Tuesday, July 20, 2010

The Gardener and the Vine

It is time for a FIRST Wild Card Tour book review! If you wish to join the FIRST blog alliance, just click the button. We are a group of reviewers who tour Christian books. A Wild Card post includes a brief bio of the author and a full chapter from each book toured. The reason it is called a FIRST Wild Card Tour is that you never know if the book will be fiction, non~fiction, for young, or for old...or for somewhere in between! Enjoy your free peek into the book!

You never know when I might play a wild card on you!

Today's Wild Card author is:

Andrew McDonough

and the book:

Zondervan (January 15, 2010)
***Special thanks to Pam Mettler of Zondervan for sending me a review copy.***


Andrew is the creator, writer, and illustrator of the Lost Sheep series. Way back in 1989 as a young Bible college student, Andrew was asked to give the dreaded “children’s talk” at a large church. Andrew possessed one talent: he could draw sheep. He bought some overheard projector sheets and drew up the story of Cecil and the Lost Sheep. The congregation loved it, so Andrew continued to draw stories to use with kids and adults. Other student, pastors, and teachers started borrowing the stories.

Product Details:

List Price: $4.99
Reading level: Ages 4-8
Paperback: 32 pages
Publisher: Zondervan (January 15, 2010)
Language: English
ISBN-10: 0310719461
ISBN-13: 978-0310719465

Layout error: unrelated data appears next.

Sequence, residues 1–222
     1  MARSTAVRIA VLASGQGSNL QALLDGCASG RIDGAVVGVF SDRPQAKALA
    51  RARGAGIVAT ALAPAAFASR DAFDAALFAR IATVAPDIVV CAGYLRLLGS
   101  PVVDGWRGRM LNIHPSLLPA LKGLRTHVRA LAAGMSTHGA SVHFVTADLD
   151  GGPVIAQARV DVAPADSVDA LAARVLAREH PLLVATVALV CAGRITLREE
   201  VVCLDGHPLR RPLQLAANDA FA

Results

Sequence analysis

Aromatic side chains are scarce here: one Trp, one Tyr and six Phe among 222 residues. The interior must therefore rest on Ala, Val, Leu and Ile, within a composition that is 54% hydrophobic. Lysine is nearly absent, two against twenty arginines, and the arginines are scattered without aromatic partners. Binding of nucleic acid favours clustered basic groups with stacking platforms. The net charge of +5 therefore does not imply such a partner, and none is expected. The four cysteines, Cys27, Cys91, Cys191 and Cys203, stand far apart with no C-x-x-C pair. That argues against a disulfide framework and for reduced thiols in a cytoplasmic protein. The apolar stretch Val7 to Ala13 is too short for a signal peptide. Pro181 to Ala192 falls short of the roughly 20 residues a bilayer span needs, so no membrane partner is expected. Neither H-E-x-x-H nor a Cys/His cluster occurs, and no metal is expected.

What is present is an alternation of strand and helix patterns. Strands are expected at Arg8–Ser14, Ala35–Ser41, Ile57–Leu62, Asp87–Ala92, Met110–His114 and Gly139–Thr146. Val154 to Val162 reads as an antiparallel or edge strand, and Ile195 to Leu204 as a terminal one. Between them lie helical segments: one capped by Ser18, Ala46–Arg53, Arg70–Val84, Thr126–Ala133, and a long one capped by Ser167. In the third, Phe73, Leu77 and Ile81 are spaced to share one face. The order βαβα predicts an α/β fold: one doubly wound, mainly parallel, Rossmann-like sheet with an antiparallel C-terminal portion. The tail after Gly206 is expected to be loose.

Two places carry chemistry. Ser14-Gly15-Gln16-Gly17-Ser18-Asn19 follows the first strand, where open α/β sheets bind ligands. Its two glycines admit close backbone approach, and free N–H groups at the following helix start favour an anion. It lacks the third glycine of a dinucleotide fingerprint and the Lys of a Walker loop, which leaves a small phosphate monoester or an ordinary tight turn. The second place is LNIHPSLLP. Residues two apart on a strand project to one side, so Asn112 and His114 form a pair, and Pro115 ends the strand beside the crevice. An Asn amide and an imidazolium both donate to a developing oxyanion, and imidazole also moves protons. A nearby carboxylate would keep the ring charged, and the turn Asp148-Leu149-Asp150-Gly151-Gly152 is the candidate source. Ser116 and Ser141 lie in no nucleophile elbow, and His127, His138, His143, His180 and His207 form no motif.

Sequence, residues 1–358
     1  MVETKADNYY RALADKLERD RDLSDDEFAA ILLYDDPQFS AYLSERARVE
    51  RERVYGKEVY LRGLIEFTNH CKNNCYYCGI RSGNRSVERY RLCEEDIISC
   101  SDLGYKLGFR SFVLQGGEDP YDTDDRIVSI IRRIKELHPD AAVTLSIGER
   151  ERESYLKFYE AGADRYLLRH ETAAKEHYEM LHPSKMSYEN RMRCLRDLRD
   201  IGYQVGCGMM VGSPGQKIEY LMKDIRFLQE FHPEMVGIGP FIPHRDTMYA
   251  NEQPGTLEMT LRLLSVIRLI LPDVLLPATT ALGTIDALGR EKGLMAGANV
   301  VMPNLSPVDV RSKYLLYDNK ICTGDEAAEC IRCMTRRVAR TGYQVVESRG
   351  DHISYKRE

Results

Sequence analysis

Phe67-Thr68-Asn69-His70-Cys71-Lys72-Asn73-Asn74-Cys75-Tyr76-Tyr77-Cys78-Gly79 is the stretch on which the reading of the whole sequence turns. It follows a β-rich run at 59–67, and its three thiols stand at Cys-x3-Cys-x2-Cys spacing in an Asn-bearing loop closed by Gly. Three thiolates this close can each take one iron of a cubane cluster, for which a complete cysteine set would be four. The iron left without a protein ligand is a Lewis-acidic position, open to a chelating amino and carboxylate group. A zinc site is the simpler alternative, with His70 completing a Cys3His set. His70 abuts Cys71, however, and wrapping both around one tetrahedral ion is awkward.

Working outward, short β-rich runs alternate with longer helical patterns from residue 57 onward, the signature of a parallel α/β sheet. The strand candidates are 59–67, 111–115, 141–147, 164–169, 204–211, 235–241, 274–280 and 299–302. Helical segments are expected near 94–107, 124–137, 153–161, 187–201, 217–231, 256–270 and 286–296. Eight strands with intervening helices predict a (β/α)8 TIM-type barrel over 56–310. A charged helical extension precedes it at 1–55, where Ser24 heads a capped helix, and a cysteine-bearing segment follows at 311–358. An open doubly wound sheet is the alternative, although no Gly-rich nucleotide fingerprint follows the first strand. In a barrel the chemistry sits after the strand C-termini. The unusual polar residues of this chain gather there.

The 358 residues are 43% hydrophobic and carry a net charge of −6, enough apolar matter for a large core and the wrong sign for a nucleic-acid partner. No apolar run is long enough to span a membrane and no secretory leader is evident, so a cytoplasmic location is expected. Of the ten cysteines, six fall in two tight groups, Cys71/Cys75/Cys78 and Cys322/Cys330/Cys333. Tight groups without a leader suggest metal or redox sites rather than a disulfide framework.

The Gardener and the Vine by Andrew McDonough is another new entry in his fantastic Cecil & Friends series. First Mia's review: I like it just as much as Jesus and the Children, and I'd like to say thank you to the author for writing this book and to Christians everywhere for loving Jesus. My favorite page was the one where Basil had joined the Vine because he was a part of Jesus and once you are a part of Him you have everlasting life! The book is about how good it is to be a part of Jesus. Now my thoughts. Basil is a branch on a vine on a lonely hill until one day a Gardener appears and offers to make him grow tons of grapes, but Basil has to trust Him. He's frightened when the Gardener cuts him off of his vine, he's terrified that he's going to die, but is instead brought to a most beautiful Vine. The story is an allegory of John 15:1,5 where Jesus talks about being the vine and his followers branches who will only flourish when part of Him. The story never mentions Jesus or God and yet sticks closely to the journey of a believer learning to trust in God. When I explained the meaning behind the story, Mia was quickly able to understand the deeper symbolism, including jumping in and accurately naming some on her own. McDonough makes the story very clear for children. The illustrations are always bright and amusing with plenty to keep little eyes happy. I appreciate how he puts a different spin on such classic stories forcing children and their parents to look at them with new eyes and gaining new understanding.